Sauce

1. First in a large saucepan add the chicken, beef bones and all the roasted veg, grated ginger, shiitake mushrooms and mushroom water, spices and chicken stock and bring to the boil. Simmer covered for an hour then remove the lid and add both the soy sauce, Honteri and Chinese wine and simmer gently uncovered for another hour.

2. Stir the contents to break them up a little and continue to simmer gently for another hour allowing to reduce, then add the vinegar and simmer gently for another 30 minutes.

3. Turn off the heat and let sit for 1 hour then pass to retain the liquid into a smaller saucepan. Taste the liquid and if you are happy with the balance decant to a container. If you want a bit more depth, gently simmer the liquid to reduce, tasting every 10 minutes until you are happy – remembering it has to be a tad saltier than a table sauce as you will be dipping a pork Yakitori stick into it to cook so it is a seasoning.

 

Apples

1. Mix together half the water (keep the other half cold) in a saucepan and bring to the heat adding the star anise, peppercorns, sugar and salt. Turn off when the sugar has dissolved and add the cold half of the water to cool.

2. Core the apples, cut them into equal squares (not less than ½ inch) then pour the pickling liquid over the apple slices and let them infuse for at least 60 minutes.

 

To Serve

1. Remove the pork from the fridge and trim the four sides to allow you to cut even squares (not less than ½ inch) and equal to that of the apples. Take the bamboo skewers and gently pierce 1 square of pork, then 1 apple cube, then another pork cube and put to one side and repeat (if you are using a Yakitori grill or flame remember to have soaked the sticks in water overnight to lessen the chance of the stick burning!)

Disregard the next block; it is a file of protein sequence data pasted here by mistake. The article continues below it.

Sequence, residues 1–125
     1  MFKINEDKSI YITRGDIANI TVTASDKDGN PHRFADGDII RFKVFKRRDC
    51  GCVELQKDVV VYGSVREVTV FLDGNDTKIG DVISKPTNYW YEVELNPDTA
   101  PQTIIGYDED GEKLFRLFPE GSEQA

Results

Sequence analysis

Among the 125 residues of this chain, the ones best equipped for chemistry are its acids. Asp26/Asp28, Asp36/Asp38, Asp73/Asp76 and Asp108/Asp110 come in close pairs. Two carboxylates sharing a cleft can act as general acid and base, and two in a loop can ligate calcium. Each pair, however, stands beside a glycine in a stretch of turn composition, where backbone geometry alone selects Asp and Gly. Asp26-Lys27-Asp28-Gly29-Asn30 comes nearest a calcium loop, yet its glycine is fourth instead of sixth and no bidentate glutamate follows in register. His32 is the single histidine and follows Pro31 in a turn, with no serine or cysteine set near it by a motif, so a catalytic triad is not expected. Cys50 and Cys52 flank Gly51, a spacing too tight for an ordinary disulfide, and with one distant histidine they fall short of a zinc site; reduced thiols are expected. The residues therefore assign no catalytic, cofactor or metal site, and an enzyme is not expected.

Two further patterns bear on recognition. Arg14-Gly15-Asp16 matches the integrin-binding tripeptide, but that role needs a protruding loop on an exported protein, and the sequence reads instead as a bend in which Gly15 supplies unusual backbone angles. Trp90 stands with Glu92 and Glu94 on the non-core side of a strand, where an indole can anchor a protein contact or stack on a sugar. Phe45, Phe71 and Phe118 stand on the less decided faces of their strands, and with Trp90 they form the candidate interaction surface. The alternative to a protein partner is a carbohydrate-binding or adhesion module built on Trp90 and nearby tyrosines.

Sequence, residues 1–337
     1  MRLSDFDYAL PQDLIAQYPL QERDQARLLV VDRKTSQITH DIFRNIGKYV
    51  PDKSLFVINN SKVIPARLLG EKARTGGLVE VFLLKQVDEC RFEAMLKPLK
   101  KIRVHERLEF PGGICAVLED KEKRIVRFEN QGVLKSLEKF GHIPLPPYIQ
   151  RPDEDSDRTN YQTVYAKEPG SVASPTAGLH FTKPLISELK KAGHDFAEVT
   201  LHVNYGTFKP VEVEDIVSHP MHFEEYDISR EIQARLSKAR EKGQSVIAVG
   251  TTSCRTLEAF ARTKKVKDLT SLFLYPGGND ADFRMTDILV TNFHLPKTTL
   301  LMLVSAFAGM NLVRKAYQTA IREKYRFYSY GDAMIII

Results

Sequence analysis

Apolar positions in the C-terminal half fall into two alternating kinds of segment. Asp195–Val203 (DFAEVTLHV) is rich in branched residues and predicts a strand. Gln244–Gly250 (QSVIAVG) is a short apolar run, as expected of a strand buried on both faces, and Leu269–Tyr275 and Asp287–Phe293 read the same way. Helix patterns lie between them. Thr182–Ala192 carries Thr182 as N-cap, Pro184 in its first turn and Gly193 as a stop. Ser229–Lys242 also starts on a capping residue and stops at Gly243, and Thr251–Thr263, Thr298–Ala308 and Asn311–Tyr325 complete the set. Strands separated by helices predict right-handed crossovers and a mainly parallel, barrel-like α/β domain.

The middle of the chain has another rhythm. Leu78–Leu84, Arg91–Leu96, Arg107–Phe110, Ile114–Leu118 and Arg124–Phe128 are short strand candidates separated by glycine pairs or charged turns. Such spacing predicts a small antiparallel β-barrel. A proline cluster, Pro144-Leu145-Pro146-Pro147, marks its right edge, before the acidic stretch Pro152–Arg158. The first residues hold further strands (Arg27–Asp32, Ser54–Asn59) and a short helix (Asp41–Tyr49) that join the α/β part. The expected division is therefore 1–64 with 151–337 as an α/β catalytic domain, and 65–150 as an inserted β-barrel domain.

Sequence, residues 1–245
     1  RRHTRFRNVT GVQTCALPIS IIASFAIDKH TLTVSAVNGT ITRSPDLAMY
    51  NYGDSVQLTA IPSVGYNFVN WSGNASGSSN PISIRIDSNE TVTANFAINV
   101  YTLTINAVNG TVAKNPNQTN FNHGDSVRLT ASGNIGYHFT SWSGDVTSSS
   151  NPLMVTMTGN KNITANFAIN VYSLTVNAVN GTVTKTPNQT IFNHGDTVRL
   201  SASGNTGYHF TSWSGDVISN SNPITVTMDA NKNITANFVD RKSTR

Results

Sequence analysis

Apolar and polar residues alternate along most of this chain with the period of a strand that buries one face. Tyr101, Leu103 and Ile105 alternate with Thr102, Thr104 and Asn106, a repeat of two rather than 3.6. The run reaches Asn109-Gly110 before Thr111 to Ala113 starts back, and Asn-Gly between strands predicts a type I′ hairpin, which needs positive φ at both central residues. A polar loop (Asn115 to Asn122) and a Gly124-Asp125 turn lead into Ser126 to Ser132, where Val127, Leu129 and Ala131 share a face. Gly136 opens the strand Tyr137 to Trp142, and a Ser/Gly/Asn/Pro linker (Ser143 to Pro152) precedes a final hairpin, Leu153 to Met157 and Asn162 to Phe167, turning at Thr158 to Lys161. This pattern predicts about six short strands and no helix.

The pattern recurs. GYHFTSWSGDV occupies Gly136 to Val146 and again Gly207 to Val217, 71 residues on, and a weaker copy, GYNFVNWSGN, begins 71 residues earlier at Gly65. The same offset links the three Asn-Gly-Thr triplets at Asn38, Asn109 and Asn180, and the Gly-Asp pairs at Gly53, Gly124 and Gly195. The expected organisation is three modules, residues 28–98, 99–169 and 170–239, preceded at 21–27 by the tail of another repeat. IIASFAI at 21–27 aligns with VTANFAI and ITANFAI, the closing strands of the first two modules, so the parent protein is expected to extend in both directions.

2. Heat a large saucepan over a medium heat (if you don’t have a Yakitori grill!) and place 3 of the skewers in the pan without oil – do not overload. You need the pork to pick up a light smoky hint from dry frying to part emulate a Yakitori grill background (similar to Wok Chi) and using oil will simply fry the skewer.

3. Turn each skewer as they cook so all 4 sides have a turn face down in the pan. Now take 1 out and dip into or brush on some of your sauce and place it back in the pan. Repeat with the remainder turning so the Honteri in the sauce does not caramelise and burn.

4. Remove and plate, spraying with a fine mist of Honteri from the small atomiser to give extra shine and garnish with garnish of choice.

Ronald Laity

Ronald Laity is Mizkan’s Culinary Development Chef. A lifelong foodie, he has worked as a lobster fisherman, fishmonger, cheese maker and dairy hand, before finally falling in love with Japanese culture and cuisine, immersing himself in Japan for 6 years.  Since being back, Ron has contributed to the UK Japanese Culinary scene, whether at Yakitoria, Samurai Sushi, Senkai, Feng Sushi, Bincho Yakitori and United Ramen, before joining Mizkan.  Ron loves experimenting with authentic Japanese ingredients and developing new ways to bring those flavours to life.